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Conference Final

Golden Knights playoff show means 'it's not just a hockey game'

Vegas goes all-in by featuring duel, drum line

by Lisa Dillman @reallisa / Staff Writer

LAS VEGAS -- The hottest show on the Las Vegas Strip these days doesn't involve showgirls, magicians, Elvis impersonators or anyone named Donny or Marie, but rather a sword-waving knight and a glowing drum line in front of a castle.

It's richly over the top, an uber-Vegas ceremony before each Vegas Golden Knights home game. Envision two worlds colliding: Medieval Times/"Game of Thrones" meets the NHL.

This is not your father's pregame show.


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There is a Golden Knight character, complete with heavy armor and a sword, and a woebegone foe representing the visiting team, helplessly dueling with him while drummers and music pound so loudly it makes T-Mobile Arena feel like a small earthquake is hitting.

"This is an entertainment city," forward James Neal said. "Trying to put on the best show in town."

They will put it on again when the Golden Knights host the Winnipeg Jets in Game 3 of the Western Conference Final on Wednesday (9 p.m. ET; NBCSN, CBC, SN, TVAS). The best-of-7 series is tied 1-1. 

The pregame show, which has some new wrinkles for the Stanley Cup Playoffs, is the brainchild of Jonny Greco, whose vision and unbridled enthusiasm have added to the frenzy the Golden Knights have created in their inaugural season.

Greco, Vegas' vice president, entertainment production, combines high energy and an appreciation for marketing and storytelling, finely crafted during his five years at World Wrestling Entertainment before he joined Vegas.

"Nothing was out of the picture," Greco, 39, said of working with the Golden Knights. "You play the [San Jose] Sharks, it's like, 'Well, what can we do with Sharks at (nearby casino) Mandalay Bay?'

"We're trying to think of everything and some of the ideas are just completely ridiculous. What if we delivered a golden puck with our mascot jumping from a Nellis Air Force (Base) airplane and he skydives into the …"

OK, there is always next season.

"In this city, only half of the time is it so crazy you can't do it," Greco said. "That's the best part, you know? I would say every single time we've gone bigger and then we pull back, we're like, 'OK, this is probably where we're going to land.'"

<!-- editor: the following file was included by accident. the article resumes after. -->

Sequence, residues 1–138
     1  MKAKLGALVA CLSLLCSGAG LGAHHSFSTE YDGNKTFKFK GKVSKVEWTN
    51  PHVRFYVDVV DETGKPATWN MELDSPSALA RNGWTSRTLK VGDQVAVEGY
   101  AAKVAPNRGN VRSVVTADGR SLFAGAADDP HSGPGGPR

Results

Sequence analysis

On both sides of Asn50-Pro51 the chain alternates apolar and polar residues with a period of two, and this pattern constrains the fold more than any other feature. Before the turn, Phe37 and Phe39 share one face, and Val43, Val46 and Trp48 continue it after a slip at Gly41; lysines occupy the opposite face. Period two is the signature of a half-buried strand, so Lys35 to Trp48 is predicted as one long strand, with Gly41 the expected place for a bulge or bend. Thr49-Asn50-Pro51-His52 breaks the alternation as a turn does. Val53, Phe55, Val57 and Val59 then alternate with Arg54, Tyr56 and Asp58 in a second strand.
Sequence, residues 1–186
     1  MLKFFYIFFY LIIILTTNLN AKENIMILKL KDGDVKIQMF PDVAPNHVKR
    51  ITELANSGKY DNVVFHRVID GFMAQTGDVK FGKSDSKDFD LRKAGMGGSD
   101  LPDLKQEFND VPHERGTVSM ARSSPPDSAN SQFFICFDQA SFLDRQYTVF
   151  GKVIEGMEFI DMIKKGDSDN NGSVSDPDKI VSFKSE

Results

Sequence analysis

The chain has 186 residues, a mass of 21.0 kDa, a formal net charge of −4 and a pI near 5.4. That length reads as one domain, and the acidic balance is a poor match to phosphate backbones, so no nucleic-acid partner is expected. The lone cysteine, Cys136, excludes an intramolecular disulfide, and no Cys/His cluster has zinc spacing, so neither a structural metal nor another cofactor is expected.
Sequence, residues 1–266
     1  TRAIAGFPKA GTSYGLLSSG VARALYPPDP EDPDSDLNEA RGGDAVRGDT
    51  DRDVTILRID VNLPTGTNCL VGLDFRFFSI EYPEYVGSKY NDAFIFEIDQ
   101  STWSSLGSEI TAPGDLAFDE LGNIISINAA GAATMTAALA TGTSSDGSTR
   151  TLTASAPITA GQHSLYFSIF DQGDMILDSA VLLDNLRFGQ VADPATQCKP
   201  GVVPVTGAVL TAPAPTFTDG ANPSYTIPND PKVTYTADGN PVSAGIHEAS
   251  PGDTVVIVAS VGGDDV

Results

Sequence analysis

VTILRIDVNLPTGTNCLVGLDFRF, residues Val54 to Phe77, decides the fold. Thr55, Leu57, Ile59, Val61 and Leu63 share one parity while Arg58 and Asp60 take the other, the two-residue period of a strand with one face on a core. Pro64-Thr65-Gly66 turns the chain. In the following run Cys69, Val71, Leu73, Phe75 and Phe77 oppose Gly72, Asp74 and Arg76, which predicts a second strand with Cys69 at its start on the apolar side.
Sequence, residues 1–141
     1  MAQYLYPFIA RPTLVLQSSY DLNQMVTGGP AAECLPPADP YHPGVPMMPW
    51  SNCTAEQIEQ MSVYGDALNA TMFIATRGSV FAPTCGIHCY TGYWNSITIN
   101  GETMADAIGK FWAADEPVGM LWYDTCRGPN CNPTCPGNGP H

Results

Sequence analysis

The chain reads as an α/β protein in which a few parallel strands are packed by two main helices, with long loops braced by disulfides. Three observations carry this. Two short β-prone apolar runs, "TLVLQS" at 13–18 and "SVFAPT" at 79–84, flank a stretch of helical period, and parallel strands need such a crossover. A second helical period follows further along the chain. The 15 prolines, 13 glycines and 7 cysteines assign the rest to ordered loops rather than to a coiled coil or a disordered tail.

As defenseman Luca Sbisa said, "It's hard to outdo us."

The locals get it and understand the demands of operating a hockey team in the entertainment capital of the world.

"Vegas is trying to entertain people," said Ric Reeser, a season ticket holder who lives in Henderson, Nevada. "It's not just a hockey game and I think that's wonderful. The drums coming down, and the flags, just like Richard the Lionheart. There's some stodgy teams that would probably never do it, but I think some of the younger teams might take that into account."

Golden Knights executives will tell you so much is about the story; in this case, the story unfolding before the sporting event. And WWE taught Greco very well.

Creating a good-against-evil narrative in the first round against the Los Angeles Kings was almost too easy for Greco and his team; knights and kings at least have a basis in history. The time-honored ability to suspend disbelief in Las Vegas was tested in the second round against the Sharks, though, but the show was so fun and lively that no one really minded.

"In this chapter, your Golden Knights face a new foe," a voice said dramatically to begin the show before Games 1 and 2 of the second round. "A creature from the depths of San Jose."

Thus another doomed opponent was introduced, representing the Sharks, to take on the fully armored Golden Knight in a brief sword fight.

Like the house in Las Vegas, the Golden Knight always wins.

"His sword is, like, solid," Sbisa said. "He could legit go on a horse or [have] a fight, and win."

The man playing the Golden Knight could have come from central casting. Lee Orchard, who grew up in Peterborough, England, is blessed with the look and the accent. Better yet, Orchard has played hockey since he was a kid, and does so recreationally in Las Vegas about four times per week.

"This is the most fun I think I've ever had in my life," said the 43-year-old Orchard, a DJ, emcee and presenter based in the city. "It's really kind of evolved into something I never expected it to be. I'm not talking about Vegas, the team, I'm talking about this role.